A tiny leak detected on the Space Station is now venting air into space, but NASA assures that the crew is safe and repairs are underway. The leak, which is thought to be the result of a micrometeoroid, is described as not being life threatening.
A Soyuz flight intended for April 2019 "will achieve the fulfilment of our commitments under a contract with NASA related to the delivery of USA astronauts to the ISS and their return from the station", Borisov said at the Energia Rocket and Space Corp., reported by TASS.
European Space Agency astronaut Alexander Gerst, pictured, reportedly put his finger over the hole initially, before crew patched it with tape.
The Soyuz spacecraft was one of two attached to the station, the USA space agency said.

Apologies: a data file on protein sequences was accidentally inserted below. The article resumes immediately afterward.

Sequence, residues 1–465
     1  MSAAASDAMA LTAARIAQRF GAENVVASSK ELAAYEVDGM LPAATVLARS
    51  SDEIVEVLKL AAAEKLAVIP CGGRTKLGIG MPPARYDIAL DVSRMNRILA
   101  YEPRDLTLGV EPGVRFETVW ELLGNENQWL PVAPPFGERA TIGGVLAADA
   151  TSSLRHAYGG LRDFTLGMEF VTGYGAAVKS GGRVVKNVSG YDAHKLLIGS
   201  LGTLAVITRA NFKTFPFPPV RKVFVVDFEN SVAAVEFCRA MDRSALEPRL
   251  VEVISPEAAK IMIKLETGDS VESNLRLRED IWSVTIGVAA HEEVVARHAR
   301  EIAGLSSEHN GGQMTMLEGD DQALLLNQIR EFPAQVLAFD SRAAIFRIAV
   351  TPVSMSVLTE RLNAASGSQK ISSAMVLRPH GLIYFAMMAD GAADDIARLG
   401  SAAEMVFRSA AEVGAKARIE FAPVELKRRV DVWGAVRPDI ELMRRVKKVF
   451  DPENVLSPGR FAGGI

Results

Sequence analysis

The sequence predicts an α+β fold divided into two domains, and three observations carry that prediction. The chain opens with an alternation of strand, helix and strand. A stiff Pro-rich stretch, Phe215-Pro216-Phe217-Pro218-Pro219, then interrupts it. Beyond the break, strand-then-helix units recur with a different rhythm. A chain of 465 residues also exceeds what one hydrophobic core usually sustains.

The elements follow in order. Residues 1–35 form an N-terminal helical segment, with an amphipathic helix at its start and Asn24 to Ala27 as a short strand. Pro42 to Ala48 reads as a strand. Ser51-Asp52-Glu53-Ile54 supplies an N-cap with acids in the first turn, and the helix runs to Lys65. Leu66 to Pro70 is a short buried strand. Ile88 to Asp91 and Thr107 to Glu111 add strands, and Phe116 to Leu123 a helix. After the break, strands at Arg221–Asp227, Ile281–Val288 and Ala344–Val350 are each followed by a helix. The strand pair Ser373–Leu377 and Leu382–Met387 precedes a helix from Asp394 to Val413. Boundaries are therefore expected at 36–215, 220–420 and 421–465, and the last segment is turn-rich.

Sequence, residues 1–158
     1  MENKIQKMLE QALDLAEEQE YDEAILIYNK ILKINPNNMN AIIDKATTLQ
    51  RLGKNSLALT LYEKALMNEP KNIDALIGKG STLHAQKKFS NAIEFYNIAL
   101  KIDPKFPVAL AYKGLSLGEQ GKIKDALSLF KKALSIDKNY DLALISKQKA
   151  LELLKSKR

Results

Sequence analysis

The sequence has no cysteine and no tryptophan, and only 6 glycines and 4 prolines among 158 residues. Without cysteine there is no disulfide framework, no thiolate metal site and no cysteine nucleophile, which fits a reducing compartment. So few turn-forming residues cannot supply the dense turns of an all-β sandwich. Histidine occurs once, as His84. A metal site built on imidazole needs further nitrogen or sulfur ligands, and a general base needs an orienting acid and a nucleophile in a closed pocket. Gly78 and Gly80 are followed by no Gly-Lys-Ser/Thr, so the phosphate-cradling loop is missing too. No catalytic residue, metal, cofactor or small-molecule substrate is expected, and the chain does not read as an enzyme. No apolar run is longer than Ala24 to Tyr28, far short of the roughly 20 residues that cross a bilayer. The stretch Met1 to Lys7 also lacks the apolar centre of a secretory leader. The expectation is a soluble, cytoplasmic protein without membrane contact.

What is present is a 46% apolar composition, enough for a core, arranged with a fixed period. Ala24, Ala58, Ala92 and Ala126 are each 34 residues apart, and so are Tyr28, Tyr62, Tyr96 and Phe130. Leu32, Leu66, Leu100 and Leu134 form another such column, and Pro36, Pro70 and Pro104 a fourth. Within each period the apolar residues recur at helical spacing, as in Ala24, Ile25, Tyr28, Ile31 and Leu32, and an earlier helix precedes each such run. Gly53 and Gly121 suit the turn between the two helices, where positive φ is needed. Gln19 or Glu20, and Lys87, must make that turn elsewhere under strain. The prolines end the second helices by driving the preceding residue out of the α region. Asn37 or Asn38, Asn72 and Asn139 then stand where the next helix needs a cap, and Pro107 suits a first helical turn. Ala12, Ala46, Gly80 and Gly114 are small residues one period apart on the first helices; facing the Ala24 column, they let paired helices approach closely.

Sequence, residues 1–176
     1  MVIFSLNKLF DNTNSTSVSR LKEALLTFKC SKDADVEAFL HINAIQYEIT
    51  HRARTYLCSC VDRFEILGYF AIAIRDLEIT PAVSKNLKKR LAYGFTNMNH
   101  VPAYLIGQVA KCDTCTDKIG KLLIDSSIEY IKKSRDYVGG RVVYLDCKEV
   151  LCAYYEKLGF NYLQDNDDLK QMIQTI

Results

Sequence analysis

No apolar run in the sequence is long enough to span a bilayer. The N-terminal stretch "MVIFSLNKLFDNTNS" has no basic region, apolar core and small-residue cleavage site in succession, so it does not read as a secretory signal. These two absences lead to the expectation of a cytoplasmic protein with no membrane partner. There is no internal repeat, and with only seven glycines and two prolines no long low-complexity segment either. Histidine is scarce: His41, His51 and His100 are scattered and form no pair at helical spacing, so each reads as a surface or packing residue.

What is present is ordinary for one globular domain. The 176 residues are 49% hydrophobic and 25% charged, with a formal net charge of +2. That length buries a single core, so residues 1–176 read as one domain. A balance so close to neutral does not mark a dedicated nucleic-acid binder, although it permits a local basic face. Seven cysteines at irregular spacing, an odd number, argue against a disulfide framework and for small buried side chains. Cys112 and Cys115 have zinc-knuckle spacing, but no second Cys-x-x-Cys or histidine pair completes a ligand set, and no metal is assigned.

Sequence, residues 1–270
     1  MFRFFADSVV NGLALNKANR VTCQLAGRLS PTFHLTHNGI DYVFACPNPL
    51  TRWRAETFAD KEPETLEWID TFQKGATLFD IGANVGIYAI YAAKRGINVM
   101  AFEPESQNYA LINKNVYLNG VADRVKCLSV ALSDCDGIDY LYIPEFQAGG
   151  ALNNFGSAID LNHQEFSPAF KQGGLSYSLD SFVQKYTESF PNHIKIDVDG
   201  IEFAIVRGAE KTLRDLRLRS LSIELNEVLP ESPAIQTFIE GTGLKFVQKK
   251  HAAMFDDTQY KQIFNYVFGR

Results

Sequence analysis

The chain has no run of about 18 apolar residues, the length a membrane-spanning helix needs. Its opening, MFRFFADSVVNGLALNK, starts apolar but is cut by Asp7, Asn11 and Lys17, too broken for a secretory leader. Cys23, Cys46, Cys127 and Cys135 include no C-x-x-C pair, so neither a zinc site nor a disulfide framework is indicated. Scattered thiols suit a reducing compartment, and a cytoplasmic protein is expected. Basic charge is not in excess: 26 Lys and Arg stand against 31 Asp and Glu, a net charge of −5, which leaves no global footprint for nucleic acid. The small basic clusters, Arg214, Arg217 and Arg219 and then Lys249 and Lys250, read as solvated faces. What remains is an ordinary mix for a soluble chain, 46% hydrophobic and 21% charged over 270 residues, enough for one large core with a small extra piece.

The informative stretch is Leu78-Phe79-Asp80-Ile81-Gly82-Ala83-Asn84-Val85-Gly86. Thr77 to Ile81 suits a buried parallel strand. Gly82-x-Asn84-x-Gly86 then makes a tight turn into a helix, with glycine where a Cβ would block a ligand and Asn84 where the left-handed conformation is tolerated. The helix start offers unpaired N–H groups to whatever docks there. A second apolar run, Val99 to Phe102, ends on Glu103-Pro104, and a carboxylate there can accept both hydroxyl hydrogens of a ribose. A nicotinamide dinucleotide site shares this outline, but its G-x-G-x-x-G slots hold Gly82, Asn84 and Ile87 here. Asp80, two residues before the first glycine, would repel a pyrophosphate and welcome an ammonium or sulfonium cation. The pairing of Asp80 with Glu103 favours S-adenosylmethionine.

Early this morning, the flight controllers informed the crew about the leak. Both NASA and Roscosmos are assuring the public that the astronauts aren't in any danger, and that the space station isn't at risk of depressurising.
Now flight controllers are monitoring the cabin pressure while coming up with a better and long-term solution for the leak.
'Flight controllers are working with the crew to develop a more comprehensive long-term fix'.
The issue started at 7PM EDT last night when flight controllers for the ISS noted signs of a "minute pressure leak".
The leaking Soyuz - one of two at the station - arrived at the orbiting lab in June with three astronauts.
The station has been mostly a collaboration between USA and Russian crews during its decade and a half of continuous operation.
"There is no leak", the cosmonaut told Russian Mission Control.
Three ISS crewmembers are due to use that same Soyuz vehicle to return to Earth at the end of the year.